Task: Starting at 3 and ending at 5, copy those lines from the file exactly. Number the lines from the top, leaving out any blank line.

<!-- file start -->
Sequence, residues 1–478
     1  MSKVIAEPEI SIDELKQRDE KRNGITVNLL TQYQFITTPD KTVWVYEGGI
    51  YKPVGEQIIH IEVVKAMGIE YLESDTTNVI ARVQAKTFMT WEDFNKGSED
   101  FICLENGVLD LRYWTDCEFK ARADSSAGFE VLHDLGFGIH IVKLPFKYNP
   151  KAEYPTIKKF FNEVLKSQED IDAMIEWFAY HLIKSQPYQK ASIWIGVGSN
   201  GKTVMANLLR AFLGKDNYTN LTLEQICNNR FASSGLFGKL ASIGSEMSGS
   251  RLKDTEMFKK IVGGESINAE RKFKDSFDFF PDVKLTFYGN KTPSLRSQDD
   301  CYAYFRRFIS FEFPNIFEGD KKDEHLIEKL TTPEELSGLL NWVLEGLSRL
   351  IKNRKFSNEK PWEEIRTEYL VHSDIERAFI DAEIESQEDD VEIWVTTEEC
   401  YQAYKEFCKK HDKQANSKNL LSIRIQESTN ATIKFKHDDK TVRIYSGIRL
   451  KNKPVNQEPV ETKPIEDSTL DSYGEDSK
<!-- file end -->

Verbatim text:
    51  YKPVGEQIIH IEVVKAMGIE YLESDTTNVI ARVQAKTFMT WEDFNKGSED
   101  FICLENGVLD LRYWTDCEFK ARADSSAGFE VLHDLGFGIH IVKLPFKYNP
   151  KAEYPTIKKF FNEVLKSQED IDAMIEWFAY HLIKSQPYQK ASIWIGVGSN